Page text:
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Detecting PRRS and influenza A viruses from swine farm air filters

Reprinted as posted on Swine in Minnesota blog. Adapted from a publication written by Dr. Montse Torremorell, Professor, Department of Veterinary Population Medicine

Key Points

Little is known about the type and nature of viruses that get trapped in commercial filters on swine farms due to a lack of sampling methods.

The first part of this study established effective methods for eluting and identifying PRRS and IAV viruses in MERV filters under lab conditions.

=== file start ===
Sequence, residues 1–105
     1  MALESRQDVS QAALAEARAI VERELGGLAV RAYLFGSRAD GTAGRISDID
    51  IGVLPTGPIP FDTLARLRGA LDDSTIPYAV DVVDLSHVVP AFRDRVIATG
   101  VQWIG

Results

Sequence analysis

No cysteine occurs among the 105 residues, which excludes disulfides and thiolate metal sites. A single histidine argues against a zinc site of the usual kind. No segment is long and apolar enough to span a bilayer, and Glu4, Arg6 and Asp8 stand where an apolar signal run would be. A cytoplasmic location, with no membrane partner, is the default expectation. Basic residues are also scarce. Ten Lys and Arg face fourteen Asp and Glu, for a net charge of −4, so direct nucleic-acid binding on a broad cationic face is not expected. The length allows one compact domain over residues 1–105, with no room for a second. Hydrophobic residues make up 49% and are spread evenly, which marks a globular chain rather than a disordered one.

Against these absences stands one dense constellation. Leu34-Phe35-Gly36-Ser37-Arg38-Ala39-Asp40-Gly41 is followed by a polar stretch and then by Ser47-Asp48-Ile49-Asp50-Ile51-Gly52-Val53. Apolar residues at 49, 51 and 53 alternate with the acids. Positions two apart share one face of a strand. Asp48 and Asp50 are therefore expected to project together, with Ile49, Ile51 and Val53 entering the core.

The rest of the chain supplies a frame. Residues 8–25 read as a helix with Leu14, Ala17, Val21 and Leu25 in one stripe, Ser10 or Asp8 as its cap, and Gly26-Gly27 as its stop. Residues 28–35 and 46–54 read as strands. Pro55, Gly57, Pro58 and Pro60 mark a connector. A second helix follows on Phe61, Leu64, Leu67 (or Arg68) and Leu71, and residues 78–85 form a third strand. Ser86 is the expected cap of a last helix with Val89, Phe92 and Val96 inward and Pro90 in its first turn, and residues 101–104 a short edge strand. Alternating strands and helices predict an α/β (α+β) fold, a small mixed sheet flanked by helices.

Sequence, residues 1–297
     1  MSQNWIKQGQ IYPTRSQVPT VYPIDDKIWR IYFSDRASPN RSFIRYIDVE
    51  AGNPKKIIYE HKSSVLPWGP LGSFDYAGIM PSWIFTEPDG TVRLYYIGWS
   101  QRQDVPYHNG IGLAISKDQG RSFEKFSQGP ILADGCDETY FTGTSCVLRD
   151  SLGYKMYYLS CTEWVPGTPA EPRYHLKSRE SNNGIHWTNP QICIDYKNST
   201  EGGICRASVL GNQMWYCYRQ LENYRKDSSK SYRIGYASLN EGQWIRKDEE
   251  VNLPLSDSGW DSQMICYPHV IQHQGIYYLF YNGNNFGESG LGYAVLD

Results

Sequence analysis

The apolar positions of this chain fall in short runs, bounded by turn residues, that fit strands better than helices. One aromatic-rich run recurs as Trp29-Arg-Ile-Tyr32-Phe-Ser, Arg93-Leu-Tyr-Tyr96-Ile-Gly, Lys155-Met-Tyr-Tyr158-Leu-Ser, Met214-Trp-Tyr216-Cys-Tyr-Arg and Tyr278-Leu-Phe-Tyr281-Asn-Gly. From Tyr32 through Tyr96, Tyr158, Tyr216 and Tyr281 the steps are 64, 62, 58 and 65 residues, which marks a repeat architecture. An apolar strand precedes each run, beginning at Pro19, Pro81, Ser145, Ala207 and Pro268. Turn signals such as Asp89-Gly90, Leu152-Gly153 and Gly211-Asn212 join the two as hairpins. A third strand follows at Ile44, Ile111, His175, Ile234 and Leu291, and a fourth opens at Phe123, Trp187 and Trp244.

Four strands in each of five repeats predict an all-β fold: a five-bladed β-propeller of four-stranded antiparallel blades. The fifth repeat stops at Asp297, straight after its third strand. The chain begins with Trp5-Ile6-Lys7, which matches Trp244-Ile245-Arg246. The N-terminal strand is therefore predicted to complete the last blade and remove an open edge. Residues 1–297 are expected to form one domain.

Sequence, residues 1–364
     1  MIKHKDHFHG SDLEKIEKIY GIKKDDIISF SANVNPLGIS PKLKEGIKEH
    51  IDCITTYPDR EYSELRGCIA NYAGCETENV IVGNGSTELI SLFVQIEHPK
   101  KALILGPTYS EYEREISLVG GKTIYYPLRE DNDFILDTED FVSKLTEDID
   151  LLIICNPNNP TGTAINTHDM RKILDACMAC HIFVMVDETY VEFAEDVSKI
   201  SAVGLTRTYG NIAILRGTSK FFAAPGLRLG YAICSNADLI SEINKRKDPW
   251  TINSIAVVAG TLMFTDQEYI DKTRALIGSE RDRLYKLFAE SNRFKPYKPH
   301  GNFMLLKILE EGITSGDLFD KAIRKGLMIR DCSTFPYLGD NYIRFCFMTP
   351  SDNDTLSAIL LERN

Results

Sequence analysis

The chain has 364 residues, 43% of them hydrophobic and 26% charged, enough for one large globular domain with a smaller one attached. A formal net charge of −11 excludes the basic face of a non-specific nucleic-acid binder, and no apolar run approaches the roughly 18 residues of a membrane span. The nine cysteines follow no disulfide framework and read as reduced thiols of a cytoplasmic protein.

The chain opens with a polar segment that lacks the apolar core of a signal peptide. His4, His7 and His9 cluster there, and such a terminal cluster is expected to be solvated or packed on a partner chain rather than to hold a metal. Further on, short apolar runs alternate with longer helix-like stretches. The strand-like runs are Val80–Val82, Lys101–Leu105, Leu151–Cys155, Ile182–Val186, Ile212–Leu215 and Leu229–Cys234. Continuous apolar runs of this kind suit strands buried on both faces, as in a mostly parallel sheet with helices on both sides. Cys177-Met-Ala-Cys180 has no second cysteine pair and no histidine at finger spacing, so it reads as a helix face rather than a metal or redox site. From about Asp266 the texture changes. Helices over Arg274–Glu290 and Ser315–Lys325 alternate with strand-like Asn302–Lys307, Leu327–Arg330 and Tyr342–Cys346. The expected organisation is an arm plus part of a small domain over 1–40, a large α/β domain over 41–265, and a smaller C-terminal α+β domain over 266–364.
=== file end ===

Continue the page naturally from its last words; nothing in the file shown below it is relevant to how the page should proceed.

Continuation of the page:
The second part of the study tested the verified method on used filters from swine farms, verifying the presence of both PRRS and IAV.

Porcine reproductive and respiratory syndrome (PRRS) and influenza A virus (IAV) are both transmitted by air and are the two major respiratory viruses that often co-circulate in swine farms. Air filtration systems are used by swine farms as part of their biosecurity measures, implemented to reduce infection risk, often targeting PRRS. Continue reading about how PRRS and influenza A viruses are detected from barn air filters.
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